Video | Agriculture | Confidence | Economy | Energy | Employment | Finance | Media | Property | RBNZ | Science | SOEs | Tax | Technology | Telecoms | Tourism | Transport | Search

 


Bathurst hunkers down as coking coal price keeps sinking

Bathurst hunkers down as coking coal price keeps sinking

By Pattrick Smellie

Feb. 25 (BusinessDesk) – Coal miner Bathurst Resources is making 29 staff redundant as it hunkers down to ride out the lowest world prices for coking coal in the last nine years, and signals a delayed start to its controversial Escarpment open-cut mine on the Denniston Plateau, above Westport.

Bathurst overcame a string of appeals to gain resource consents for Escarpment last October, more than two years after winning initial consents, but watched global prices for coking coal, used in steel-making, fall over that time from a high of more than US$300 a tonne in 2012 to around US$120 a tonne at present.

The company has said its operating costs at Escarpment would come in at around US$120 a tonne, reducing to US$90 per tonne as production ramps up. An economic “caucusing” document agreed during Environment Court hearings between economists engaged by Bathurst and scheme opponents last year, states the breakeven cost for the project is US$165 a tonne and suggests “a minimum expected price for the project to proceed is perhaps US$190.”

In a statement to the NZX and ASX today, chief executive Hamish Bohannan says: “Bathurst is committed to commencing establishment of the Escarpment mine as soon as authority is granted but will defer ramping up production until such time as the market is deemed to be recovering.

“For the next period, focus will be on securing the site, establishing facilities, including water management dams and stockpile areas, and mining sufficient coal to complete market qualification for coking coal supply to steel producers, principally in Japan and India.

“Sadly, this means that about 29 jobs will become redundant, but it will ensure that the company preserves cash to continue its operating and development activity,” he said.

Bathurst shares hit a high for the last 12 months of 28 cents a share last November, shortly after consents were granted, but its share price has ebbed since to close yesterday at 16 cents. There was no early NZX trading in Bathurst, the majority of whose shareholders are in Australia.

The company is also cutting directors’ and executive managers’ fees by 30 percent and reducing the size of its board by not replacing chairman Craig Munro, who recently retired, having appointed former electricity industry senior executive Dave Frow to take the chair.

“The key to these actions is to stabilise the company, move it into a cash positive situation, secure the Escarpment mine and develop it to the point where we can move quickly into commercial production once the market improves,” said Bohannan.

Its existing three coal mines will continue to service local dairy and cement industries. Escarpment and other mines planned on the Buller uplands above Westport are exclusively focused on export markets.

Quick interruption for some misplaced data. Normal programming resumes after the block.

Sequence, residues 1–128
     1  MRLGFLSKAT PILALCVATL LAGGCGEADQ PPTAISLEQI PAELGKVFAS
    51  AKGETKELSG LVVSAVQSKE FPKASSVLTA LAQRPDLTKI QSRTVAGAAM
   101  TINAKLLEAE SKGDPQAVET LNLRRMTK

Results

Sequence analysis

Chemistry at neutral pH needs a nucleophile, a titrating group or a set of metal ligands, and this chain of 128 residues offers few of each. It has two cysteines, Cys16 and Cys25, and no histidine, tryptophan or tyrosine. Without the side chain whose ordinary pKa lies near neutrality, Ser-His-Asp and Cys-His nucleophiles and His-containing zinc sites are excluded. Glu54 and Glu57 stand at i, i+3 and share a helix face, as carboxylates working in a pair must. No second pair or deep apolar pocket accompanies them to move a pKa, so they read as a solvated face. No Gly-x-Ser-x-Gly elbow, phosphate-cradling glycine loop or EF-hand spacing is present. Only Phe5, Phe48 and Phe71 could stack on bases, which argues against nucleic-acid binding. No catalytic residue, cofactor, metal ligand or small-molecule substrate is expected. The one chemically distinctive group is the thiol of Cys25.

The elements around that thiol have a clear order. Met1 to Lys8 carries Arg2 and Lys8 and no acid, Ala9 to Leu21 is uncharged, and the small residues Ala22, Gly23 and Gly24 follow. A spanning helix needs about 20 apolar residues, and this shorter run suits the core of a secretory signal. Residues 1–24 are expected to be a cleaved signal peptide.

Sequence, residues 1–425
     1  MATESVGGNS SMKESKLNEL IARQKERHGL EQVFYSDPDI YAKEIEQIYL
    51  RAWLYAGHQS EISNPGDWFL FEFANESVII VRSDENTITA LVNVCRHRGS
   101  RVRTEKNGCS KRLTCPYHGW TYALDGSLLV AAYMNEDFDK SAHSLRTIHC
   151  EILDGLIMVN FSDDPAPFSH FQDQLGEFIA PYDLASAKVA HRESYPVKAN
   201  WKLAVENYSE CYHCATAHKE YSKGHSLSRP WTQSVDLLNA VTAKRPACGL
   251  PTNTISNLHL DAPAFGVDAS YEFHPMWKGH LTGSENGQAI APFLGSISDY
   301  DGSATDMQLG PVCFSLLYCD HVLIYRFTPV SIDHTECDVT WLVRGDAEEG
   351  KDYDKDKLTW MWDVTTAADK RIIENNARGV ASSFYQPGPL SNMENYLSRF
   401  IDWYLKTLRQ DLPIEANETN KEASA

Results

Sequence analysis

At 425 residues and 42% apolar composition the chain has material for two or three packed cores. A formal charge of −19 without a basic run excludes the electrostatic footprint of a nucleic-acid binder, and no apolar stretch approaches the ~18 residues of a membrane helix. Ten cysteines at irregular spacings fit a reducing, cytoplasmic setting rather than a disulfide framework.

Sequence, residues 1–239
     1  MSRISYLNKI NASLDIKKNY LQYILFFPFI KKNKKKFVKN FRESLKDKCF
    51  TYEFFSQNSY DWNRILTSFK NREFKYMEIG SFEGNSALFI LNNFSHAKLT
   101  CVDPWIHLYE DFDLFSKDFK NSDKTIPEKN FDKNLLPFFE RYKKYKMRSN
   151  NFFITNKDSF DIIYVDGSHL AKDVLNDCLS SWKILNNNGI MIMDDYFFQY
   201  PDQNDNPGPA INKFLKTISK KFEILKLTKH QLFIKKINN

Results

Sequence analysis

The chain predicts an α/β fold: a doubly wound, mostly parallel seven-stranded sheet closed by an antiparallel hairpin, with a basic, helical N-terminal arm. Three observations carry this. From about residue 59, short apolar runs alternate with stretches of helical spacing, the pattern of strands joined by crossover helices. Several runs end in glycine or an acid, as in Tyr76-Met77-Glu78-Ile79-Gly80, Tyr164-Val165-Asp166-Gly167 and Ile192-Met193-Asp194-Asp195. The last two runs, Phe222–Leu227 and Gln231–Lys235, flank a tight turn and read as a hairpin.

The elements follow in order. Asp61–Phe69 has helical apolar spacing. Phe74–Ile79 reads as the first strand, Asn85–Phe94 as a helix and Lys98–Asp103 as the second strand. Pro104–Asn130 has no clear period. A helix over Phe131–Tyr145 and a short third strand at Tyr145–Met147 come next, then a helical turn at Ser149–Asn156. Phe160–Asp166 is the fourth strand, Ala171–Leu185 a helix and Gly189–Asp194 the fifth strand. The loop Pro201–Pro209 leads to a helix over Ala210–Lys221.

Meanwhile, Prime Minister John Key yesterday acknowledged that the financially stressed state-owned coal miner, Solid Energy, was also finding current conditions “very challenging.”

“We think it can survive, but its asset value is very low,” he said in answers to questions about the potential for Solid Energy to be placed back on the list for partial privatisation.

(BusinessDesk)

© Scoop Media

 
 
 
 
 
Business Headlines | Sci-Tech Headlines

 

Scoop Business: RBNZ Keeps OCR At 3.5%, Signals Slower Pace Of Future Hikes

Reserve Bank governor Graeme Wheeler kept the official cash rate at 3.5 percent and signalled he won’t be as aggressive with future rate hikes as previously thought as inflation remains tamer than expected. The kiwi dollar fell to a seven-month low. More>>

ALSO:

Weather: Dry Spells Take Hold In South Island

Many areas in the South Island are tracking towards record dry spells as relatively warm, dry weather that began in mid-August continues... for some South Island places, the current period of fine weather is quite rare. More>>

ALSO:

Scoop Business: Productivity Commission To Look At Housing Land Supply

The Productivity Commission is to expand on its housing affordability report with an investigation into improving land supply and development capacity, particularly in areas with strong population growth. More>>

ALSO:

Forestry: Man Charged After 2013 Death

Levin Police have arrested and charged a man with manslaughter in relation to the death of Lincoln Kidd who was killed during a tree felling operation on 19 December 2013. More>>

ALSO:

Smells Like Justice: Dairy Company Fined Over Odour

Dairy company fined over odour Dairy supply company Open Country Dairy Limited has been convicted and fined more than $35,000 for discharging objectionable odour from its Waharoa factory at the time of last year’s ”spring flush” when milk supply was high. More>>

Scoop Business: Dairy Product Prices Decline To Lowest Since July 2012

Dairy product prices dropped to the lowest level since July 2012 in the latest GlobalDairyTrade auction, led by a slump in rennet casein and butter milk powder. More>>

ALSO:

SOE Results: TVNZ Lifts Annual Profit 25% On Flat Ad Revenue, Quits Igloo

Television New Zealand, the state-owned broadcaster, lifted annual profit 25 percent, ahead of forecast and despite a dip in advertising revenue, while quitting its stake in the pay-TV Igloo joint venture with Sky Network Television. More>>

ALSO:

Get More From Scoop

 
 
Computer Power Plus

Standards New Zealand

Standards New Zealand

Mosh Social Media
 
 
 
 
 
 
 
 
Business
Search Scoop  
 
 
Powered by Vodafone
NZ independent news